It’s getting harder and harder to run a cult DVD label, particularly if you’re dealing with the horror genre. Most of the major cult titles have been taken already and the scarce few that remain often have rights issues that keep them out of circulation. As far as vintage titles go, the one real underexplored frontier left is shot-on-video horror. Some titles from the SOV realm have gotten good DVD’s over the year — Nail Gun Massacre is an example — but few companies have really taken the opportunity to introduce any kind of context for how this “no man’s land” of the genre should be approached.
However, Severin Films sublabel InterVision has just released a disc that shows how you can put together an attractive package for a film that no one would discuss otherwise. Picture quality is as good as it can be for something made with early 1980’s video equipment: it was shot quickly and liberally doused in post-production effects so the visuals inevitably have a smeary, hazy quality. That said, it gives you the best possible version of this experience with none of the tape rolls or tracking issues that VHS connoisseurs remember. Sound is of similar quality but it uses the droning, wall-to-wall synth score to unexpectedly powerful effect.
Where this disc really scores is the extras department, creating a set of bonus features that are both informative and instructive on how to deal with the film’s fever-dream weirdness. Two commentary tracks kick this package off: the first pairs writer/director David Prior with filmmaker/Sledgehammer superfan Clint Kelly while the second features Joseph Ziemba and Dan Budnik of Bleeding Skull horror review fame. On the first track, Prior’s memories can be hit-and-miss but he’s kept on track by Kelly, who is boundlessly (and sometimes frighteningly) enthusiastic about this film. Kelly offers theories about the plot that frequently astound Prior and coaxes the video-teur into revealing a few interesting production details.
However, it’s the second track that is the keeper. Comedic appreciation commentary tracks are always a risky affair but Ziemba and Budnik do fine work here. It helps that both have a deep, longstanding love for the genre, as their witty yet affectionate reviews at Bleeding Skull reveal. They approach the film with the right mixture of irreverence and enthusiasm, keeping the viewer primed for all the film’s delights by pointing them out and occasionally doing inspired riffs on them (a highlight is their imitation of actor Ted Aguilar’s whispery line delivery during dramatic scenes). They also shed some light on how they got into obsessing over and writing about these films, thus shedding some light on how one becomes an SOV horror anthropologist.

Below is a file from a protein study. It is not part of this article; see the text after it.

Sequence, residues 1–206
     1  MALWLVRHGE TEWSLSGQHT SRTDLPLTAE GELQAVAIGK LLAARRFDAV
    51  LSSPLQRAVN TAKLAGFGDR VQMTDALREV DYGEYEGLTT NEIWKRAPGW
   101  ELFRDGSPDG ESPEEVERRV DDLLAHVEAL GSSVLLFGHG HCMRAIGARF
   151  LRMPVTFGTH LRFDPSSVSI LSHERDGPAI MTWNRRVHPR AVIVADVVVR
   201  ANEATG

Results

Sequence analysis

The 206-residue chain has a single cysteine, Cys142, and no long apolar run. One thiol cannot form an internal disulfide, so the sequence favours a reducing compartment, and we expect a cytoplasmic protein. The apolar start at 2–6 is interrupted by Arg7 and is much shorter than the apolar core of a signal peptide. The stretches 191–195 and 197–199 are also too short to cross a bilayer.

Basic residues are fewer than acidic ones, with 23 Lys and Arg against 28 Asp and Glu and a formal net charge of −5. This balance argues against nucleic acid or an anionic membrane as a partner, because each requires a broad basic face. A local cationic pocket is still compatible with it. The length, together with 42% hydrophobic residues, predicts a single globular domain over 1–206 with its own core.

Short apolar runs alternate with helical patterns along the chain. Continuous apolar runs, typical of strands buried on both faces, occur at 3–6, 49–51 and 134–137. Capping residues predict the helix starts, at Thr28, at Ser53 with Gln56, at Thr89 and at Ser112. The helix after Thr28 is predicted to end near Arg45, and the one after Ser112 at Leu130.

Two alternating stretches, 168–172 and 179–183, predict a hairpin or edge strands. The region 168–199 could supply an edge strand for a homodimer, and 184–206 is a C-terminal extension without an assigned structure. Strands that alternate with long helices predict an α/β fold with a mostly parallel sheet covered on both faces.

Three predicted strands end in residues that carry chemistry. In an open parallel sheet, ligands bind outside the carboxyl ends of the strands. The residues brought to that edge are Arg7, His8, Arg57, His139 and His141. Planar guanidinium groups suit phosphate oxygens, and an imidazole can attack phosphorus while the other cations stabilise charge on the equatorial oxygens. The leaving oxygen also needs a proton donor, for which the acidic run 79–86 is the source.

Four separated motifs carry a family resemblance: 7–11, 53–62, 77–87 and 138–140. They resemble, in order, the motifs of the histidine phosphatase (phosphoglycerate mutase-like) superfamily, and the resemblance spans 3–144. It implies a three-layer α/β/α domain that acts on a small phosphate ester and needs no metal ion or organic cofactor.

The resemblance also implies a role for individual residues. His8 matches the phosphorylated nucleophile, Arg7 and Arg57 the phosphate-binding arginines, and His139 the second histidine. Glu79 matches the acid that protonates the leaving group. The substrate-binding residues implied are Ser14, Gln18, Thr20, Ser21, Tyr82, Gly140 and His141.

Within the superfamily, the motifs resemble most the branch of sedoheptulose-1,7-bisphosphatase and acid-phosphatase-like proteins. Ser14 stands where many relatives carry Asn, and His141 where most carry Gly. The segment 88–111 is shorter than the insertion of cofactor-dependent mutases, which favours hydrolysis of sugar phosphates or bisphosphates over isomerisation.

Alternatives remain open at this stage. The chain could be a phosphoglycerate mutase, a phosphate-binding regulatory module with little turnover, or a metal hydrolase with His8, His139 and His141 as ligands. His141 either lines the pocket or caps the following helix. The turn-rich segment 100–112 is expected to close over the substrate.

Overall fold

Elsewhere, there are two brief featurettes that continue the appreciation theme. “Hammertime” features Alamo Drafthouse programmer Zack Carlson discussing his thoughts on what makes Sledgehammer a standout in the SOV field. It’s amusing, particularly in how he describes star Ted Prior, but the other featurette “Sledgehammerland” is the best of the two. Cinefamily programmers Hadrian Belove and Tom Fitzgerald appear against backdrops from the film via the magic of green-screen technology as they relate how they first screened the film for a massively hungover audience (the programmers included) that found themselves drawn into the film’s no-budget vortex of VHS insanity. The featurettes are rounded out by a quick interview director David Prior: it’s too short to flesh out his commentary track but he comes off as a likeably unpretentious fellow.
Elsewhere, the disc features trailers for forthcoming InterVision releases: Things, The Secret Life Of Jeffrey Dahmer and A Night To Dismember. The first is another SOV bit of lunacy while the others are obscurities that found their infamy as video releases. Hopefully, this indicates the future direction for InterVision because Sledgehammer indicates this company has the potential to become the kingpin label of straight-to-video fare on DVD, right down the tape-roll on their label’s title sequence. Bless their twisted hearts and damaged brains.